Forgive a short detour to nostalgia.
We began of course at Darling Muse gallery, and later in 2005 moved to Seksan's and have had a home here ever since. Bernice was the mummy of Readings, and I took over as adoptive mum when her mum became terminally ill, and then she fully handed over the event to me and started a new one, Ceritaku!, at No Black Tie.
Over the years we've given more than 160 writers space to read their work and given them a meeting place where friendships have been forged and collaborations born.
And as straits-mongrel (who also gave me permission to use his beautiful pictures) points out beautifully in his post Reading in Colours, this event has brought together a huge diversity of folks in the kind of Muhibbah spirit that this 1 Malaysia thing is supposed to be about. Frankly, that's never been on the conscious agenda, but has definitely been one of the best things that has naturally emerged from the event.
And now we've launched a book project which hopefully will put event and writers on the map.
So a party to celebrate this was in order, and party we did.
We welcomed back some of our earliest readers and introduced some new ones.
I've been trying to get hold of The Loud girl aka Elaine Foster ever since I first heard her read at one of The British Council's Wayang Kata events. She could also be crowned slam queen of KL, and is organising spoken word events now in collaboration with Word Forward in Singapore. I especially loved the first piece she read, which she had written in collaboration with George Wielgus and Tsiung Han See about the coming revolution and what it would not be like!
Jo Kukathas, actor, playwright, director, and driving force behind Instant Cafe Theatre had been one of the participants in the British Council's creative writing workshops earlier this month. I loved the pieces she brought to share with the group, and she read from one of them - she isn't prepared yet to say whether it is fiction or autobiography ("It's a something.") which tells the story of larger than life family members. I really am looking forward to more.
how hard it was for him to self-publish his first collection of short fiction and get the copies sold. How far he's come since then, with a very well-received second book, Never Been Better, published by MPH. (And the bookshop sent along copies for sale.)
And then it was time for cake! We actually had three cakes. Two of them were red velvet cakes with butter-cream icing ordered from That Last Slice, and they tasted every bit as good as they looked. (Thanks, Aishah, for driving over from Shah Alam to deliver!)
The third was an absolutely delicious chocolate cake which Saras had had a friend bake for us, and very much appreciated.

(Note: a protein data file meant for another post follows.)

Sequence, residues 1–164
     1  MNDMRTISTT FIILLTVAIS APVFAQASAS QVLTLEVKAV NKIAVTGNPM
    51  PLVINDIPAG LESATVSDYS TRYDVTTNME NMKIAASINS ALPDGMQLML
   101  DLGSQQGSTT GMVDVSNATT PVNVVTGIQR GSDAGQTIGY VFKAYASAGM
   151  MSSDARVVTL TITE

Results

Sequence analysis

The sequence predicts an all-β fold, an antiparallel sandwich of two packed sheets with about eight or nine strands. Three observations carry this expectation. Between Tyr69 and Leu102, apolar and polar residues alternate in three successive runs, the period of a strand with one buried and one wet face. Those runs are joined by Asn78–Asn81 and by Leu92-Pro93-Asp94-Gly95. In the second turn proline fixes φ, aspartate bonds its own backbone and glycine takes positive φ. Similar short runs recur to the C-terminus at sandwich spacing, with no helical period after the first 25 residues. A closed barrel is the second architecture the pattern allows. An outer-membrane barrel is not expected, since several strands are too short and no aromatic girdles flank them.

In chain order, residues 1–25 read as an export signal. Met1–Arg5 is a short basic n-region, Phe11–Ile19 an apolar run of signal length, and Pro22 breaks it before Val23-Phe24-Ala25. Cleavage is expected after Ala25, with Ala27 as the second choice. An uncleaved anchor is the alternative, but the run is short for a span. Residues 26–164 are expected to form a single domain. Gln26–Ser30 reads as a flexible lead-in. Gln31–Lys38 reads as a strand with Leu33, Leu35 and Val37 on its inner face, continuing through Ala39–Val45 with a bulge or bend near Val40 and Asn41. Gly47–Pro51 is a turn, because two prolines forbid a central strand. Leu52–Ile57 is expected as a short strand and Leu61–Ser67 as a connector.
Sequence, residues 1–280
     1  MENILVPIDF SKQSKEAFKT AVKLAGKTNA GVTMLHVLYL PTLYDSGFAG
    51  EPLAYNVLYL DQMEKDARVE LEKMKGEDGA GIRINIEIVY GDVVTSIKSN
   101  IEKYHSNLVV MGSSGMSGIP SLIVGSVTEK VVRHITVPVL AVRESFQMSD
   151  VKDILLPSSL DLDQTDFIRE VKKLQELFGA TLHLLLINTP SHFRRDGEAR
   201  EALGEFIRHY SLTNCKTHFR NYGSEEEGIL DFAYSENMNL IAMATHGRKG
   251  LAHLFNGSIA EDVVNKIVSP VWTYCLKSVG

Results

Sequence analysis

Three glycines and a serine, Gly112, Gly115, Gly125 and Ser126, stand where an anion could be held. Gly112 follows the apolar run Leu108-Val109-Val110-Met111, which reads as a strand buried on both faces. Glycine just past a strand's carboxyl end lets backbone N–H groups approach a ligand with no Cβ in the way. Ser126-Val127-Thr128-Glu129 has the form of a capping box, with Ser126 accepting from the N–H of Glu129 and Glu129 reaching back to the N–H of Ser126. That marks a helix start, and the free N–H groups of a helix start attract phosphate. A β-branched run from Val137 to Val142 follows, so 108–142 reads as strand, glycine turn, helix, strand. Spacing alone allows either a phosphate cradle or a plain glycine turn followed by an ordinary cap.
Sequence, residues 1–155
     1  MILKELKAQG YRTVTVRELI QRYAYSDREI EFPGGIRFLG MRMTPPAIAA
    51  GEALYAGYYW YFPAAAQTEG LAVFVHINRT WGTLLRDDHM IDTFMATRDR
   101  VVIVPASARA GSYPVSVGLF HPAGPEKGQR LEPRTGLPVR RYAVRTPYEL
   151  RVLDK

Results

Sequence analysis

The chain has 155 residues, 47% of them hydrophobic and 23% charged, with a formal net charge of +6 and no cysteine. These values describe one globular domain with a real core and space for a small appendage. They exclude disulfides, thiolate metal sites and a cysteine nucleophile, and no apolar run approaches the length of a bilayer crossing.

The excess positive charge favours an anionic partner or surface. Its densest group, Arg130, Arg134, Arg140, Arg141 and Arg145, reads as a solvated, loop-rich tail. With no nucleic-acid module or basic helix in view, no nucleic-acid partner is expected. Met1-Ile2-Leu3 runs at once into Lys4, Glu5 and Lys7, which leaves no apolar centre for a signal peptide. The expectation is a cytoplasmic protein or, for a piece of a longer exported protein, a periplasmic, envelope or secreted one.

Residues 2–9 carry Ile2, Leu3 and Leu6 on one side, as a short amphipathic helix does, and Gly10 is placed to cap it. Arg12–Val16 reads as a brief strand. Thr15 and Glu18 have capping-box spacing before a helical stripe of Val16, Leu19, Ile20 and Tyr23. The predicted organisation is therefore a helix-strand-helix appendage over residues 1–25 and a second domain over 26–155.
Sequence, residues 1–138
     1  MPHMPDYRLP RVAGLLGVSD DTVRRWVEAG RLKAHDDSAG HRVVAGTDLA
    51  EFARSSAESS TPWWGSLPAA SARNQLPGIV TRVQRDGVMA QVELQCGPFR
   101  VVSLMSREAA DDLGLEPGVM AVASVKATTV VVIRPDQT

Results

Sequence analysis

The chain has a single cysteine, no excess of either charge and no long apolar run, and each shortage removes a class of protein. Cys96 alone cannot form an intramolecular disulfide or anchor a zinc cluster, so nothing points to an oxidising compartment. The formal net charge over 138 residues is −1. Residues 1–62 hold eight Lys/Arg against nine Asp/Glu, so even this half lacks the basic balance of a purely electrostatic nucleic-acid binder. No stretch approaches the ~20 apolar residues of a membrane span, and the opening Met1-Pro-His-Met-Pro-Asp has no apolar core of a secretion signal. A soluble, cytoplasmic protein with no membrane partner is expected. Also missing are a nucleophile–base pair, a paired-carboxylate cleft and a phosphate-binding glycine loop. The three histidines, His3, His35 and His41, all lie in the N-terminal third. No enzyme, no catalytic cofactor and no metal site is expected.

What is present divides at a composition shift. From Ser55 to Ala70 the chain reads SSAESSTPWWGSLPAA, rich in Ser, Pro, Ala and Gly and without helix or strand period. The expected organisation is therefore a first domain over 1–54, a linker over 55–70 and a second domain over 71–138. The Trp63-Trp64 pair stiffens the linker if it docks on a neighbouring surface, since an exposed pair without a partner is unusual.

We blew out candles and made a wish - for the next 5 - no, 50 years of Readings to be as successful.
After the break, Bernice Chauly read from the book she is finishing Growing Up with Ghosts which she describes as:
... a literary autobiography, a memoir of sorts in five voices ... about her Chinese and Punjabi family and diasporas which span hundreds of years.It will also form part of her MA in English Literature and Creative Writing at University Malaya. Bernice has also been chosen as one of four writers worldwide to participate in Winternachten's (International Writers' Festival of The Hague) tour of the Dutch Caribbean and Suriname in April on the theme A Sense of Belonging.
What I've heard of the new work so far (in the workshops and here in Readings) shows that Bernice is working with fascinating material, and as she says, writing of this kind has been very much neglected in Malaysia. I think it also takes a lot of courage to put your own story out there in the public arena.
Do read this interview Bernice did with The Nutgraph last year, in which she shares some of her personal history with us.
Kam Raslan is the writer who has read more frequently at Readings than any other and we have followed his Datuk Hamid from his first tentative fumblings with a Swiss milkmaid, appearing in his own column in Off The Edge, and finally getting a whole book - which the Malaysian public took to their hearts - dedicated to his adventures. Now it seems that there is a sequel in the pipeline, and the extract that Kam read was as endearing and as funny as ever. It had the Datuk in a department store attempting to choose a perfume for The Wife's birthday, when a whiff of a fragrance called Betrayal sets off a train of Proustian memory ...
I had to put Rahmat Harun last, because he is just such an impossible act to follow. And of course the famous Keranamu Malaysia had to be the centrepiece of his performance .... This guy is a force of nature!
Thanks very much to Seksan for the wonderful space (though I was a bit sad that for the first time there was no art on the walls), to all who read and all who supported, to Aishah and Saras for cakes, and to all those who helped set up and clear away. Nothing happens without you all.